Smack in the middle of Paddington Station was a full blown Brass & Woodwind Band!

After some inspection I found out this is a regular occurance, brought to all travelers by ‘The Great Western Railway Paddington Band

The band started in the ’20s as the railways company band and has been going since.

Their music is still perky and pretty good, playing little swinging foxtrots and quicksteps on the way home before the Bank holiday weekend…

Brass on Rails...

But it was the acoustics that really turned the event into a feast…
Paddington’s enormous Brunel Dome perfectly amplifies the sound and gives it an almost ghostlike floaty delay…Brilliant for Brass and Woodwind…

They play every Friday between 19.30 and 21.00 between Easter and Christmas.

There is just something distinctly civilised about traveling home with a swing in your step.

Only in Britain…

Next time I will bring a partner… Grin.

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Here we go...

Today is a special day for the Brits.
It is the State opening of Parliament…
All the troops are marched out, bands are pooping out the usual melodies, horses are groomed and trotting in line, chomping at the bit…

This is what all that practice in the park has been for, why all the Beef Eaters have been eating their beef…
It puts a shine on ‘ buttons and ever mans well-groomed shoes.
It puts the brilliance in British.

Let the show begin.
And God, do the Brits know how to do drama!

Everything is organised to the minute in this ceremony.
(I was very honoured to attend it two years ago)

Bling it on!

All people have a role, a timing, an action, a position and posture to go with it. (dont forget the tiara’s on the ladies of the lords)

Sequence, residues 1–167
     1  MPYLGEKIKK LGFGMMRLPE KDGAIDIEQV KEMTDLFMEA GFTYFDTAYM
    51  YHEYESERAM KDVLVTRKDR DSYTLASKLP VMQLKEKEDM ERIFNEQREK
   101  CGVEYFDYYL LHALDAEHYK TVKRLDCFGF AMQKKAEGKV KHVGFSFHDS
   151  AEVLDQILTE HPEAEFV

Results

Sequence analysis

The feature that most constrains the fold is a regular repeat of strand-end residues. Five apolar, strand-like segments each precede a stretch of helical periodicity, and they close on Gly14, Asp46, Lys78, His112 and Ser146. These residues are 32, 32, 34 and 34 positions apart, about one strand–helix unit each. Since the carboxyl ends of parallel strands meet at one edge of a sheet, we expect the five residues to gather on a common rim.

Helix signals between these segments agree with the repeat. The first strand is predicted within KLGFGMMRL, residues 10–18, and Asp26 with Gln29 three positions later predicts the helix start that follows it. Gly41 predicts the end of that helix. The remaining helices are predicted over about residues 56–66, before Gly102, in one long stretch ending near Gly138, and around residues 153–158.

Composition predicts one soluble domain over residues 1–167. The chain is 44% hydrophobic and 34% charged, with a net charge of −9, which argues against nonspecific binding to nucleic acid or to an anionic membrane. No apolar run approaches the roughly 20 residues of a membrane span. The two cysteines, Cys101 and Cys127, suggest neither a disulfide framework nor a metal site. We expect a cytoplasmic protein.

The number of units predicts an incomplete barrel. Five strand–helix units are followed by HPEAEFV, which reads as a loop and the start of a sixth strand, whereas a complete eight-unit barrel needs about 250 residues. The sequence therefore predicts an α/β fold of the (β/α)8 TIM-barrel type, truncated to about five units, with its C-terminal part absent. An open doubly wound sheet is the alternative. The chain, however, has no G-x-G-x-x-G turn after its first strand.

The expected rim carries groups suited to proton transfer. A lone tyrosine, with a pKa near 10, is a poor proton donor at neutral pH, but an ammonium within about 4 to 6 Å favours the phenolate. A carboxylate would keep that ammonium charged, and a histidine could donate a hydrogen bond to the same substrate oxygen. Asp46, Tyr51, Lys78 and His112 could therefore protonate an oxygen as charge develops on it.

The guards come to clear the perimeter, the Beef Eaters (Yeomen of the Guard) repeat the same to check for explosives and bring on the Bling.
Then all people are made ready for the arrival of Lizzie and her gang.
(in the meantime Mr. Black Rod (not Rod Stewart) goes to ask/order the Commons to common-on over to the house if lords. Lizzie cant do this herself as 1. she is busy, 2. they wont listen to her anyway)

You go girl!

Then Lizzie pops on her hat takes a deep breath and gets ready to face the music.
(not her own music either… and she has to read it in one tone to remain neutral…)

Even if it is in a self-effacing way the Brits are extremely proud of their lands and culture and on a day like this you can see it in its brightest form. Or forgive me… ehrm Hierarchy in its purest form.
This is a court in full action, doing exactly what it has been doing for millennia.

It is an amazing sight to behold.
Every one at court has a wand/rod/mace representing the length and the width of their power/authority.

And guess who has the biggest one?

Does size really matter? How Common...

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Dirty bugger

I remember growing up reading a story about ‘Piet de Smeerpoets’ (transl.: Shock-headed Peter) This story describes a young boy that refrained from brushing and cutting his hair and cutting his nails for a year… His end is rather gruesome… I remember this story well, as it somehow taught me the importance of washing behind the ears…